Focus on Eddy Kamuanga Ilunga


Revealed by the Saatchi gallery in 2015, Eddy Ilunga KAMUANGA (born in 1991) is one of the leading figures of new Congolese painting. Born in Kinshasa, Africa’s third largest city, he immersed himself as a child in American comics and assiduously copied Japanese mangas. The young boy’s imagination quickly learnt to travel between cultures and he developed a passion for drawing that remained with him as he grew up. As a young man, he enrolled at the Institute of Fine Arts then joined the Academy of Fine Arts in Kinshasa (2010) for a few months only because he found the cursus too suffocating. He found the energy and freedom he craved with other young Kinshasa artists with whom he created the M’Pongo studio (“eagle” in Lingala). Together they worked and exhibited, generating their own creative scene in the heart of contemporary Kinshasa.

Congolese history

Eddy Kamuanga’s first paintings featured flip-flops… a tribute to his mother who sold them and a way of evoking the memory of the victims of rubber exploitation during the colonization of the Congo. With time, he increasingly immersed himself in his country’s history… that of the Mangbetu, whose elongated skulls are a sign of distinction and beauty, and that of the exploitation of coltan, the famous “strategic mineral” essential for the manufacture of smartphones, computers and electric cars, of which the Democratic Republic of Congo is the world’s largest exporter. He also discovered the extremely heavy and tragic human cost of exploiting his country’s resources.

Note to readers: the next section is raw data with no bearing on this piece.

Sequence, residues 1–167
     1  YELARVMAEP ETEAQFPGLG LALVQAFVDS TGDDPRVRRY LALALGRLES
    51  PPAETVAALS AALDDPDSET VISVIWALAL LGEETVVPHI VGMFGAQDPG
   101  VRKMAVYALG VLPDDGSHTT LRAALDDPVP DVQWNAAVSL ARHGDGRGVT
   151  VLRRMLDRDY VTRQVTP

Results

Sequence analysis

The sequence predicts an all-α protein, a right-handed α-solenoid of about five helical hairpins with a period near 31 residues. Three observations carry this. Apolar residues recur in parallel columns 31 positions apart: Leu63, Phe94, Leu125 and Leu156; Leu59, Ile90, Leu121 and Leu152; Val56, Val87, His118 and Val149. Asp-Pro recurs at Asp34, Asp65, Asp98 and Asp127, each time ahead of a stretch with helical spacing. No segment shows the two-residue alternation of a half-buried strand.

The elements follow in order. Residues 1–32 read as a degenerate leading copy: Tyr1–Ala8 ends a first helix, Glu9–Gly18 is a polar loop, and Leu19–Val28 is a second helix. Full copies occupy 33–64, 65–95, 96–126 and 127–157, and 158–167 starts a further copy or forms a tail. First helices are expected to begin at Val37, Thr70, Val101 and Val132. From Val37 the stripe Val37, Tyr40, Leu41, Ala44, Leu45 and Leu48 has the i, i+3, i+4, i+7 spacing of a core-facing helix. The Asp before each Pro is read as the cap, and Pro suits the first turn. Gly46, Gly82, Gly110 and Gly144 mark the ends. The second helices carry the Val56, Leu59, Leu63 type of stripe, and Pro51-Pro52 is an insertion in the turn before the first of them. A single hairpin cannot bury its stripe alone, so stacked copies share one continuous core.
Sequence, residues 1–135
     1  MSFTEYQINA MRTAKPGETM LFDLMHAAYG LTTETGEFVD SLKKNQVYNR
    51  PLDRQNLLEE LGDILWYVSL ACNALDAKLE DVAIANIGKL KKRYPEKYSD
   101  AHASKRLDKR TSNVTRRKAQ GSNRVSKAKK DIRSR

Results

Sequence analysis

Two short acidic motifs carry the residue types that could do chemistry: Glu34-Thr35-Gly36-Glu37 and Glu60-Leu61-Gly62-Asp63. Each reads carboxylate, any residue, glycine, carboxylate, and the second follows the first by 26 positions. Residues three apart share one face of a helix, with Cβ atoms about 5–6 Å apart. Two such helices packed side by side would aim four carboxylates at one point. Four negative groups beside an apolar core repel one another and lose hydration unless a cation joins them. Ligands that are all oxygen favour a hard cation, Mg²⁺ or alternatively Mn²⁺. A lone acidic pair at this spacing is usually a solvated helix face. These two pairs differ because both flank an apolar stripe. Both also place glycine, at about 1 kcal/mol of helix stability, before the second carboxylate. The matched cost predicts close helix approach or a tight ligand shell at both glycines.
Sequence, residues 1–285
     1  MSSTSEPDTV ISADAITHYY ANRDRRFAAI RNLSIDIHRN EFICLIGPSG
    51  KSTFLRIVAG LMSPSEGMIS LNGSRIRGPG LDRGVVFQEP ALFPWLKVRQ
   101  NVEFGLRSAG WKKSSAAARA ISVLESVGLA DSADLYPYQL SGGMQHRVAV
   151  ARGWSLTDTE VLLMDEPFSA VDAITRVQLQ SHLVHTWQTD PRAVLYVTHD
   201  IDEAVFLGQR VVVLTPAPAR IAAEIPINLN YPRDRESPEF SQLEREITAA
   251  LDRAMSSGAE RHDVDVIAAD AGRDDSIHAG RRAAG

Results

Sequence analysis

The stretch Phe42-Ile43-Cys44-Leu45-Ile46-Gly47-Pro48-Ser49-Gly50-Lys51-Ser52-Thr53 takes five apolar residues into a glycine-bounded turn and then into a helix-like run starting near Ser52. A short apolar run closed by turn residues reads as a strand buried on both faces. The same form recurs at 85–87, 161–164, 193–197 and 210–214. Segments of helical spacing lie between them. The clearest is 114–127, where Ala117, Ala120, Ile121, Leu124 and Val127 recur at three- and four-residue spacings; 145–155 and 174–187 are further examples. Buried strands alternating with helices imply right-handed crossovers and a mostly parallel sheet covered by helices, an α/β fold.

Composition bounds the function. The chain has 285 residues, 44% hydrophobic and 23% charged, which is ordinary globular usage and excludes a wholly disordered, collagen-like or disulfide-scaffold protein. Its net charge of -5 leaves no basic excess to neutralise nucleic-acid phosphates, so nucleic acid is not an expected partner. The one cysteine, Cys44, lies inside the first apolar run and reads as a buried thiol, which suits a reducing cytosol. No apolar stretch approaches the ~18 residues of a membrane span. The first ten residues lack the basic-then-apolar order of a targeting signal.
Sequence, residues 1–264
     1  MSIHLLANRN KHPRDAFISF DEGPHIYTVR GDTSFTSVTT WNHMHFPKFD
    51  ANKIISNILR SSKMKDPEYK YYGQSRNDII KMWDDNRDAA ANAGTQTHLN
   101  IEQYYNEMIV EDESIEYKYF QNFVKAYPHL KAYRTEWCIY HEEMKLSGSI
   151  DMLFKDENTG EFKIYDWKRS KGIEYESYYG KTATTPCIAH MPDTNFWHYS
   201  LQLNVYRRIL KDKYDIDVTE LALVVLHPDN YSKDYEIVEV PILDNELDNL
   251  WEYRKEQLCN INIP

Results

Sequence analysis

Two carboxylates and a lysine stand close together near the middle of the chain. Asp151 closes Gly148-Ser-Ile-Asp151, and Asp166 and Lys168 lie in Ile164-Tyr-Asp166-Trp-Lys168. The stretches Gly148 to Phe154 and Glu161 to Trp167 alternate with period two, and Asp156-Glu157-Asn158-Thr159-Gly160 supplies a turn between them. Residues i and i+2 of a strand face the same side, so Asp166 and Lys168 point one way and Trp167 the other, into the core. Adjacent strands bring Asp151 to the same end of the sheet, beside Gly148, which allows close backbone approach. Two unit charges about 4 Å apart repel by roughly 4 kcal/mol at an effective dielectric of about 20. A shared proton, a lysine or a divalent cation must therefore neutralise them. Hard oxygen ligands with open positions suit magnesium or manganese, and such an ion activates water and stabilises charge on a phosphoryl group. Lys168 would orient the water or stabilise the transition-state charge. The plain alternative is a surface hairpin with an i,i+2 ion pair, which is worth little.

And so it was that Kamuanga’s early style emerged, dealing with essential historical / social themes and depicting characters whose skin is tattooed with electronic circuits. Subjects who often appear dejected and listless under the bright colors of their traditional clothing. Sophisticated compositions, large dimensions, attractive cosmopolitanism, Kamuanga’s canvases are pictorially impressive while questioning the influence of globalization on African identity and its corollary, the loss of historical reference and the consignment to oblivion of traditional cultures.

Dakar – London – New York

Noticed in 2014 at the Off of the Dak’art Biennale, his work began to emerge in London in 2015 where it elicited considerable enthusiasm, first at the Saatchi Gallery and then at the African art fair 1:54. The following year, the October gallery presented other works by the African artist in London, then at the Armory Show in New York, where the Financial times used his canvas Lost to illustrate its article “The Best of New York Armory 2016”. Kamuanga was just 25 years old and his success was only just beginning. In the latter half of the decade important public collections acquired his works and the growing demand from private international collectors resulted in lively bidding at auctions. The market for his work gradually tightened, so much so that his paintings sell today for ten times what they fetched four years ago!

Already in 2018, the work Mangbetu (exhibited at the Saatchi gallery three years earlier) multiplied its high estimate by five (fetching $92,000 at Sotheby’s London). In 2020, he was again in the limelight after attracting the highest bid in Christie’s online Contemporary Art auction ($155,000 for Ko Bungisa Mbala Mibale). His latest auction record was hammered in April 2021 and reached $165,500, double its high estimate at Phillips in London (Fragile) where demand for his work is clearly spirited, to say the least.


This article is published in Dyptik magazine.